We’re in a time of great upheaval around the world. We are experiencing an unprecedented moment in history where we are reimagining the future of work. Governments are assessing policies, programmes and how to support constituents amid the pandemic. Business leaders are reimagining their entire working models, cultures and company values. Employees are rethinking what they do, where they do it and what it means.
At LinkedIn, we call this the Great Reshuffle.
The Great Reshuffle presents us with an opportunity. We can harness this moment of change to redirect human talent to rise to the most urgent challenge facing humanity: the green transition. We cannot wait any longer to address climate change. We have to green the economy and activate the jobs, companies and policies that will power it. By capitalising on this unprecedented
moment of change to redirect human talent to accelerate the green transition, we’ll have a fighting chance of meeting the climate challenge. But achieving this requires moving toward an economy that transitions workers into jobs beyond those currently considered green. New workers need to enter green and greening potential jobs, bolstered by green skills and more opportunities from employers.
The hard truth is that right now we are nowhere close to having sufficient green talent, green skills or green jobs to deliver the green transition. Based on the current trajectory of green skills growth in the labour market, we are not going to have sufficient human capital to meet our climate targets. While more workers are transitioning into green and greening jobs than are leaving, the total number of workers transitioning into those jobs is still really low. Not all jobs will need to be exclusively green — it’s not just those building solar panels — it’s the sustainable fashion manufacturer, the fleet manager, the sales manager. There is a marked lack of green skills and jobs, and this is slowing the rate at which we can green the economy.
Green skills intensity needs to increase in every sector and country to build the supply needed and meet the demand required to achieve climate goals. Some progress has been made. In 2019, the balance tipped towards green talent as the green hiring rate accelerated ahead of the overall hiring rate in most economies around the world. This means that, globally, green workers were hired at a higher rate than non-green workers. At the same time, the share of green talent in the global workforce increased from 9.6% in 2015 to 13.3% so far in 2021 (an annual growth rate of 6% and a cumulative growth rate of 38%).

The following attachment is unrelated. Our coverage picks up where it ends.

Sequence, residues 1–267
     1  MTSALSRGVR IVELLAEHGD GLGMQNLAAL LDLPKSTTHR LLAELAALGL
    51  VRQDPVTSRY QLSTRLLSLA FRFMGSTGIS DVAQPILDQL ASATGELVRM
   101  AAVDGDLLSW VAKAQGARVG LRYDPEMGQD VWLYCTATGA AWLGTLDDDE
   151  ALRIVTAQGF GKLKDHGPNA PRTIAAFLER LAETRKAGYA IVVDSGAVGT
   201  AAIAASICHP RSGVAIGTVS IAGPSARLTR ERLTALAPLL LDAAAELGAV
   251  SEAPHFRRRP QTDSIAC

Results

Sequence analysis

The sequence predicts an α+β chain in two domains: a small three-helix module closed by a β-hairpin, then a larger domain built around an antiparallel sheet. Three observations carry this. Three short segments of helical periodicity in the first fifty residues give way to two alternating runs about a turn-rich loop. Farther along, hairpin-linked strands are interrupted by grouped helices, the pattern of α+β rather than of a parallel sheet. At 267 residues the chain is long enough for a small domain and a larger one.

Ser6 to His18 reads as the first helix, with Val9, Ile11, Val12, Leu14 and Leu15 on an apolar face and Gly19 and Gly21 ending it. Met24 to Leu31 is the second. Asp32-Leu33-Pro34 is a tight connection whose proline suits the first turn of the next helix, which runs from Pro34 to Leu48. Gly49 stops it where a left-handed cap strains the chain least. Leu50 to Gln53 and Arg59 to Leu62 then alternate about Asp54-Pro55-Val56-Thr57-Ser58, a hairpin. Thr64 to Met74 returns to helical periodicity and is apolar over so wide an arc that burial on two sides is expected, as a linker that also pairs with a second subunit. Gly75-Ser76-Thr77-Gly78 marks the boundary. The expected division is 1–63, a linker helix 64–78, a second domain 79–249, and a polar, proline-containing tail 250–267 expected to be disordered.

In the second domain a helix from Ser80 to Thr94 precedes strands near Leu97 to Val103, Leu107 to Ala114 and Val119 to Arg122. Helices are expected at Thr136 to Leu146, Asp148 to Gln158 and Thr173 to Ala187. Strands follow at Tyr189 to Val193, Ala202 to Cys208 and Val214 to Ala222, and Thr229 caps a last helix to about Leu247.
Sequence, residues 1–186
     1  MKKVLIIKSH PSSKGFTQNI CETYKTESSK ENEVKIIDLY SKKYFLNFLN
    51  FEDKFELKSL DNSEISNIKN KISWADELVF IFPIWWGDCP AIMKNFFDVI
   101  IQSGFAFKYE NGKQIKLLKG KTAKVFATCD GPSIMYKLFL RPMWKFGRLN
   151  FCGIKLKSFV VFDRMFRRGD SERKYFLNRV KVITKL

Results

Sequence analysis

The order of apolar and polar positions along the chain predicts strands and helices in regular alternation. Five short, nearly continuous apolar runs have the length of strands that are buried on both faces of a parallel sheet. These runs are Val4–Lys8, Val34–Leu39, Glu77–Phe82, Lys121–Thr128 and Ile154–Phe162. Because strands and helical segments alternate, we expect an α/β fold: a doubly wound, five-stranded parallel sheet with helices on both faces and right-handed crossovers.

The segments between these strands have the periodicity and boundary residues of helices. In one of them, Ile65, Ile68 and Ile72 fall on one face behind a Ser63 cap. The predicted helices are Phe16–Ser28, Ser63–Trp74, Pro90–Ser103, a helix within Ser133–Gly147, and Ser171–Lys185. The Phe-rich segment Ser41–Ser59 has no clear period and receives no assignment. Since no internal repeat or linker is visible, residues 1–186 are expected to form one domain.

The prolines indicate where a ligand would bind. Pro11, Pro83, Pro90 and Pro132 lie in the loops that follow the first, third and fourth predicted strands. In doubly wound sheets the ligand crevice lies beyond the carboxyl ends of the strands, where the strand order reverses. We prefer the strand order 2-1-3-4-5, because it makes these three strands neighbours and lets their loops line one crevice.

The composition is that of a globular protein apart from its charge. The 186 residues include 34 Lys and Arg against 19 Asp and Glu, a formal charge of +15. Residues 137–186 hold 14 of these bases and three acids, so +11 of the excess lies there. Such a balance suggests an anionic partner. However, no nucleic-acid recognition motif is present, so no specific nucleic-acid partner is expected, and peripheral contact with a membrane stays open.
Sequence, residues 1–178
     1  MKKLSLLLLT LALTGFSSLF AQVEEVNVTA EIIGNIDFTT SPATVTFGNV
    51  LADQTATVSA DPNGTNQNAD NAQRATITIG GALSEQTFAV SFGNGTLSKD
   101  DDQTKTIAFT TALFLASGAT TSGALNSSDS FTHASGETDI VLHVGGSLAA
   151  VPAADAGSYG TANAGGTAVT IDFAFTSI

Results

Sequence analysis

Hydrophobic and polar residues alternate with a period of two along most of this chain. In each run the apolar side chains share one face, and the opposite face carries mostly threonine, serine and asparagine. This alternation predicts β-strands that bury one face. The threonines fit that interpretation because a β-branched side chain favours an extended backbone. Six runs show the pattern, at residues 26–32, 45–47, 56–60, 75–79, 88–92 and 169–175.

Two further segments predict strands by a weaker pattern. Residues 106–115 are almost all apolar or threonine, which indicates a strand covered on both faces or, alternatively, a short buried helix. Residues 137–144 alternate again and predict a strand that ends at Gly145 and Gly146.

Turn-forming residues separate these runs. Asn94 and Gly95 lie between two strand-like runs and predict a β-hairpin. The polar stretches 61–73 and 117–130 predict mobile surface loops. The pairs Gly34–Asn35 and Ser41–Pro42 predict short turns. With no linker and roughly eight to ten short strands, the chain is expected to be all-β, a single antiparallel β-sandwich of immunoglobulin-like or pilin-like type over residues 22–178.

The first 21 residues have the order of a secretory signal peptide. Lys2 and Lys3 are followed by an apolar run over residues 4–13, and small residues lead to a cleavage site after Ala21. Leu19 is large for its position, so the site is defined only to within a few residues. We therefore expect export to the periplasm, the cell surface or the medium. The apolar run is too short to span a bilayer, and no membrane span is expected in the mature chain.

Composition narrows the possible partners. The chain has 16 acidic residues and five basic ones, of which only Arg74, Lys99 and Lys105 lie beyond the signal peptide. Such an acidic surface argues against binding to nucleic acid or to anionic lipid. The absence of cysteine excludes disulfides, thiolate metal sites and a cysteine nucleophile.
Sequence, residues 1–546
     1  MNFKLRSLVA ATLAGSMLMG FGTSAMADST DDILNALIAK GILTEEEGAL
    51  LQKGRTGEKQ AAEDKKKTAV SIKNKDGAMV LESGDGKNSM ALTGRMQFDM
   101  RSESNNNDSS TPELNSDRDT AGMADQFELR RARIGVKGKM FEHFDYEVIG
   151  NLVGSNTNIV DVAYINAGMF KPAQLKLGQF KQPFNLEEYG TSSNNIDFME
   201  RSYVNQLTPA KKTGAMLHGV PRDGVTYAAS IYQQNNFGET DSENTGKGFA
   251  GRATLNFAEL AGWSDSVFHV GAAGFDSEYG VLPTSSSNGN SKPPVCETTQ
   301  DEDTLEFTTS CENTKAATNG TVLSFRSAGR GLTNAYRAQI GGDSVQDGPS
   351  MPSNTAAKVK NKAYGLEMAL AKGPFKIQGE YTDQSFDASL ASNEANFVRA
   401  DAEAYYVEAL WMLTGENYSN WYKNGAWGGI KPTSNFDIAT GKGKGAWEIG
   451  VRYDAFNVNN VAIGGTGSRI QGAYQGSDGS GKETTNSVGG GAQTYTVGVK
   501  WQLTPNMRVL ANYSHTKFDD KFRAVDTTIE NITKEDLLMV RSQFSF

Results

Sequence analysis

Most jobs requiring green skills are not traditional green jobs.
Chart 2 shows that the top five fastest- growing green jobs between 2016 and 2021, in terms of annual growth, are Sustainability Manager (30%), Wind Turbine Technician (24%), Solar Consultant (23%), Ecologist (22%), and Environmental Health and Safety Specialist (20%). The fastest-growing greening jobs, moreover, are less specialised and are found in a variety of sectors — including roles that range from Compliance Manager (19%) to Facilities Manager (11%) and Technical Sales Representative (8%).
We have a historical opportunity to rethink how we approach the global workforce’s 0% transition into a greener economy, based on skills. By adding insights from new data to this challenge, we can make a plan to increase green skills intensity around the world. The workforce is ready and the planet
can’t wait: the time is now.
Five trends shaping the green economy
- Demand for green talent will soon outpace supply.
- Hiring of green talent is accelerating faster than overall hiring.
- There’s currently a good balance in the green skills that are needed.
- The fastest growing green skills are both mainstream and emerging.
- The volume of workers moving into green and greening jobs is too low.
Chosen excerpts by Job Market Monitor. Read the whole story @ LinkedIn’s Global Green Skills Report